Fed Test: Is the Economy Really Improving?

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April 30 (Bloomberg) -- Pimco's Mark Kiesel and Bloomberg's Mike McKee discuss today's policy statement from the Federal Reserve's Federal Open Market Committee. They speak with Trish Regan on Bloomberg Television's "Street Smart." (Source: Bloomberg)

Did the economists get it flat out wrong?

Is janet yellen right?

How do you interpret it?

This was not a really big miss.

The data are a collection of actual data the government has and projections.

The projections could easily be off, and the government is only guessing at what the trade in inventory figures are for the last month of the quarter.

This will be revised three or four times.

Maybe it will look better eventually.

It probably will.

Things that were bad in this report are things we have indications are changing.

A lead of stories about businesses starting to ramp up their spending into the second quarter.

Inventory building, it was big in the fourth quarter and small in the first quarter.

You have possibility of a rebound there.

There are a lot of things that suggest maybe the fed is right to watch this.

We got better than expected adp.

The last time adp was right is, i don't know when.

Jeff rosenberg, we are up -- we are up 35 points there, s&p up another quarter of a percentage point.

If investors were really worried about this number, they would have eased off.

Not the case today.

Our investors seeing something that the gdp reports does not capture?

Investors are looking past the numbers and realizing this is a fed under yellen that will be pretty accommodative.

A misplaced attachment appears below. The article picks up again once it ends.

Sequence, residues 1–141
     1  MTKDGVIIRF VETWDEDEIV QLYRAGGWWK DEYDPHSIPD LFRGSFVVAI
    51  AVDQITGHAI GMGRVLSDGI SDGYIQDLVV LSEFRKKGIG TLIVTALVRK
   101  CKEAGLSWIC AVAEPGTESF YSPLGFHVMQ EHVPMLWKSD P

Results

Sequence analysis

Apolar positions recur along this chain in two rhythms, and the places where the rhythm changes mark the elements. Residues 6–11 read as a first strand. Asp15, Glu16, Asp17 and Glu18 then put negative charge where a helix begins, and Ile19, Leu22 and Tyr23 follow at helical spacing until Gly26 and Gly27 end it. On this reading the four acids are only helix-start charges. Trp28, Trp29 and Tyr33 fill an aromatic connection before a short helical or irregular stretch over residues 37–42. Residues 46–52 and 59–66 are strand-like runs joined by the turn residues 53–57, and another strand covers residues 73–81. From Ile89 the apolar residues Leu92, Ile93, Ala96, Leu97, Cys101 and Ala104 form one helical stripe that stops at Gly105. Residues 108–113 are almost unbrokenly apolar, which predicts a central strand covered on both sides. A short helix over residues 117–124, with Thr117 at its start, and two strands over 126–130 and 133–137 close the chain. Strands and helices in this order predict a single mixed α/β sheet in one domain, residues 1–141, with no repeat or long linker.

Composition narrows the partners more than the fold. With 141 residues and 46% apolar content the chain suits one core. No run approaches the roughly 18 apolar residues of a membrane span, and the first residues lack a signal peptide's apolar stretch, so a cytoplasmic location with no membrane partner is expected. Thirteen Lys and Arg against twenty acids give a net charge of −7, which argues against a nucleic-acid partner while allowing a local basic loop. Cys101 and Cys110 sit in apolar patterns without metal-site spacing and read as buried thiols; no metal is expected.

What gives her support to be very accommodative and holding off in raising rates is the low inflation.

The core pce came in at one percent year-over-year, the employment cost index is less than two percent.

There is no wage inflation.

With no wage inflation, that allows the fed to be very patient.

No wage inflation, and she's cutting by $10 billion a month.

Is she being overaggressive here?

Should we be keeping up, in light of the fact that we get nothing when it comes to inflation, mark?

I think there's two decisions here.

One is the overall size of the balance sheet.

In that case, the consensus there is that the cost-benefit is now towards the economy healing.

You do not need the fed to be buying assets.

The tapering is based -- baked into the cake.

The second question is what bill gross alluded to in his most recent investment outlook, which is what should be long-term policy rate be.

We think it should be zero percent real or two percent nominal.

We see a lower policy rate going forward than the market.

It's a function of secular headwinds and the slow inflation we see.

We have a fed that says it will keep rates low.

They will continue on this taper program.

Yet you get data -- you cited a number of more recent reports -- data that really does not support strength in the economy.

Do you anticipate things will look different three months from now?

We are going to see a significant rebound in the second quarter, and then it will settle out to a higher level of growth than we had seen going into funny 14. here is something interesting about the fed.